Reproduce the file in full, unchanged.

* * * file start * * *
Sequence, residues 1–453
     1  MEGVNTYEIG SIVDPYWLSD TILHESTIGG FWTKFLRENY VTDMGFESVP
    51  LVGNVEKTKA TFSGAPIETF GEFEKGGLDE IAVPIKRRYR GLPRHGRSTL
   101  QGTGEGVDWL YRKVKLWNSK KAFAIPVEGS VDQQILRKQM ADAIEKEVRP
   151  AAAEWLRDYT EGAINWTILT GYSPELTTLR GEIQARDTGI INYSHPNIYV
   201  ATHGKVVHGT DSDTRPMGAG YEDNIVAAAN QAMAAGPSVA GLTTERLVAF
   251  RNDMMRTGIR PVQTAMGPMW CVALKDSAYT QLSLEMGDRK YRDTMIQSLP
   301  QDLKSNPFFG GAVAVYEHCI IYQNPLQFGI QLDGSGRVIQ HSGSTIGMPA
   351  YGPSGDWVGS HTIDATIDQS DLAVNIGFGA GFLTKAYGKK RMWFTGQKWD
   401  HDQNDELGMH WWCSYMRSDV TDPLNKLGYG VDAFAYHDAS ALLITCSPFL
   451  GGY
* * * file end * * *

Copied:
Sequence, residues 1–453
     1  MEGVNTYEIG SIVDPYWLSD TILHESTIGG FWTKFLRENY VTDMGFESVP
    51  LVGNVEKTKA TFSGAPIETF GEFEKGGLDE IAVPIKRRYR GLPRHGRSTL
   101  QGTGEGVDWL YRKVKLWNSK KAFAIPVEGS VDQQILRKQM ADAIEKEVRP
   151  AAAEWLRDYT EGAINWTILT GYSPELTTLR GEIQARDTGI INYSHPNIYV
   201  ATHGKVVHGT DSDTRPMGAG YEDNIVAAAN QAMAAGPSVA GLTTERLVAF
   251  RNDMMRTGIR PVQTAMGPMW CVALKDSAYT QLSLEMGDRK YRDTMIQSLP
   301  QDLKSNPFFG GAVAVYEHCI IYQNPLQFGI QLDGSGRVIQ HSGSTIGMPA
   351  YGPSGDWVGS HTIDATIDQS DLAVNIGFGA GFLTKAYGKK RMWFTGQKWD
   401  HDQNDELGMH WWCSYMRSDV TDPLNKLGYG VDAFAYHDAS ALLITCSPFL
   451  GGY